Is your company domain name and website safe from creditors?

On Behalf of | Feb 11, 2017 | Firm News |

A domain name and website can be the lifeblood of the business. Losing an online presence can be detrimental to that company. On the other hand, liquidating a debtor’s website can be an important source of collection for a creditor.

In a published opinion issued on February 2, 2015, the Minnesota Court of Appeals held that a creditor may garnish a debtor’s domain name and the copyright-protected material contained on the debtor’s website. See Sprinkler Warehouse, Inc. v. Systematic Rain, Inc. (A14-1121) (click here for the opinion). In that case, the creditor obtained a judgment from the debtor in Texas, then docketed and attempted to collect on the judgment in Minnesota. Specifically, the creditor went after the debtor’s domain name ( and website.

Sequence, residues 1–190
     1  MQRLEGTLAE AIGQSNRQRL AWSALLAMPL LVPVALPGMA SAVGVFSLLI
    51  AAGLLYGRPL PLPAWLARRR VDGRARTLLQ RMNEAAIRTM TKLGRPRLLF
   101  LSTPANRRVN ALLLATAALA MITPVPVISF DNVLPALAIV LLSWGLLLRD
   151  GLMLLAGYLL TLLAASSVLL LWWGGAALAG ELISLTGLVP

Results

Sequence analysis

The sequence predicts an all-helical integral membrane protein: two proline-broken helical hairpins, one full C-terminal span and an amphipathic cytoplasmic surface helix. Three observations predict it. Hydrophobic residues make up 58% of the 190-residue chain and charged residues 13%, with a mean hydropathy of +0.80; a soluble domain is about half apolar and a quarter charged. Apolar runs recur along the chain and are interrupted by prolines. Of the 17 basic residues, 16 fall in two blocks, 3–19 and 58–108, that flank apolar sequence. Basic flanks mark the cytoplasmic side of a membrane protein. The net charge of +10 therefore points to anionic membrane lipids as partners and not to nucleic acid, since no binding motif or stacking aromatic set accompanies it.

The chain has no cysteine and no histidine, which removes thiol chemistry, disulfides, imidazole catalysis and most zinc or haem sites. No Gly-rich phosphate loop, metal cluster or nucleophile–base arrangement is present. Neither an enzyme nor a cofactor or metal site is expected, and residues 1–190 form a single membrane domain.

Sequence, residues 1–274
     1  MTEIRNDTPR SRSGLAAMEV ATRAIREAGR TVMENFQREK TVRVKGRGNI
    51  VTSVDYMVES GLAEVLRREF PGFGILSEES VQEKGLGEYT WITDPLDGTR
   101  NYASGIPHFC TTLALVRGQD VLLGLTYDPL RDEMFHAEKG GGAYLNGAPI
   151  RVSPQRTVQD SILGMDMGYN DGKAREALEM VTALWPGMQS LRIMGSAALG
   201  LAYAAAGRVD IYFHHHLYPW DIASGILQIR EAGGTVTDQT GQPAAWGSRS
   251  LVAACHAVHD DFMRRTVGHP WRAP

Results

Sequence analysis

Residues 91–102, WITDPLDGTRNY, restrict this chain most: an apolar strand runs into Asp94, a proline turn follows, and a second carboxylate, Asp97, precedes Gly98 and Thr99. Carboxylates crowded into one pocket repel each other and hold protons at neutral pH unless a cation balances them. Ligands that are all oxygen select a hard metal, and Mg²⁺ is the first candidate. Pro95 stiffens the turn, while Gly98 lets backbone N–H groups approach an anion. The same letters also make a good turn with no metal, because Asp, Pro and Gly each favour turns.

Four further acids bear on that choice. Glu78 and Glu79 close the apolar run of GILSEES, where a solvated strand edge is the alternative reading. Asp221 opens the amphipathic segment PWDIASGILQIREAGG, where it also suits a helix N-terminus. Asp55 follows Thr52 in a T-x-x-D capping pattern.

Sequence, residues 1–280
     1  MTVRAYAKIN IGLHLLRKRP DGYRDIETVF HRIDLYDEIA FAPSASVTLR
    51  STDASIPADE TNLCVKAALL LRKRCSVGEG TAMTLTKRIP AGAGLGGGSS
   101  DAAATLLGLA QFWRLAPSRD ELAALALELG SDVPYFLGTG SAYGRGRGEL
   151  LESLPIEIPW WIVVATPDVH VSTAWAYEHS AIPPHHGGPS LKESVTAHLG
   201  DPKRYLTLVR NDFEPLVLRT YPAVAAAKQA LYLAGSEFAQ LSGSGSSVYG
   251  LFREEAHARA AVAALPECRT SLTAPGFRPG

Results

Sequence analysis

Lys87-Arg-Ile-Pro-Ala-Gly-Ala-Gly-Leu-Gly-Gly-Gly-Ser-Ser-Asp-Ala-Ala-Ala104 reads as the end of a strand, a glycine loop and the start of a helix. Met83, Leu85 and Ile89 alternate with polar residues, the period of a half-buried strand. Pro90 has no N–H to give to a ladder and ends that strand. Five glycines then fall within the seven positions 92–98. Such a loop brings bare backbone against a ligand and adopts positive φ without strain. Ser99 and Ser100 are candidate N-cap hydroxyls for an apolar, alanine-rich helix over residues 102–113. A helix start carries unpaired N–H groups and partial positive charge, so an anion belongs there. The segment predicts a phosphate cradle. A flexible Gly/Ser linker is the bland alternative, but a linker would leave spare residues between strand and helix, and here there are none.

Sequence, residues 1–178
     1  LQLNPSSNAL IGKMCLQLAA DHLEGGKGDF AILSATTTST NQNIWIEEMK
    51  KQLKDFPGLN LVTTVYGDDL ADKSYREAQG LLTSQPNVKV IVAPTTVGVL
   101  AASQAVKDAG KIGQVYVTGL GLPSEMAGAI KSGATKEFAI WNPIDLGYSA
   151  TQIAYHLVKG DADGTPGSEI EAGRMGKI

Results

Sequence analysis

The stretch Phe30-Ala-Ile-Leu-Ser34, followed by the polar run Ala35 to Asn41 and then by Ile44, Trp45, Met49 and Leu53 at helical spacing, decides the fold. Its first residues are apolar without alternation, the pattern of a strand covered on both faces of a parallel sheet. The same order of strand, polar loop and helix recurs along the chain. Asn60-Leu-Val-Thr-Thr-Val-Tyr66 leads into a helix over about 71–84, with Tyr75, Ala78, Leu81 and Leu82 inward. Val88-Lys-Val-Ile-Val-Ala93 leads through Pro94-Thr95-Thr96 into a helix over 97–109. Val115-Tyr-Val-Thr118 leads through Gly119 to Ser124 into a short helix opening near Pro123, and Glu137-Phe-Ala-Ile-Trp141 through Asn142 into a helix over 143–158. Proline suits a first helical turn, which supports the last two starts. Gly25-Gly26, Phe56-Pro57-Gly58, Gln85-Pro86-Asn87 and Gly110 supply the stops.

The legal issue was whether domain names and websites are garnishable property under Minn. Stat. 571.73, subd. 3. In a matter of first impression, the appeals court concluded that domain names have characteristics of “property” because they can be bought and sold, may contain intellectual property, and are well-defined interests. The court also concluded that websites, which often contain copyright-protected material, have attributes of personal property such as the right to exclude others from using it. The court observed that some parts of websites may not be copyright-protected and may not be garnishable.

The case is an important example of courts applying traditional statutes to modern technology.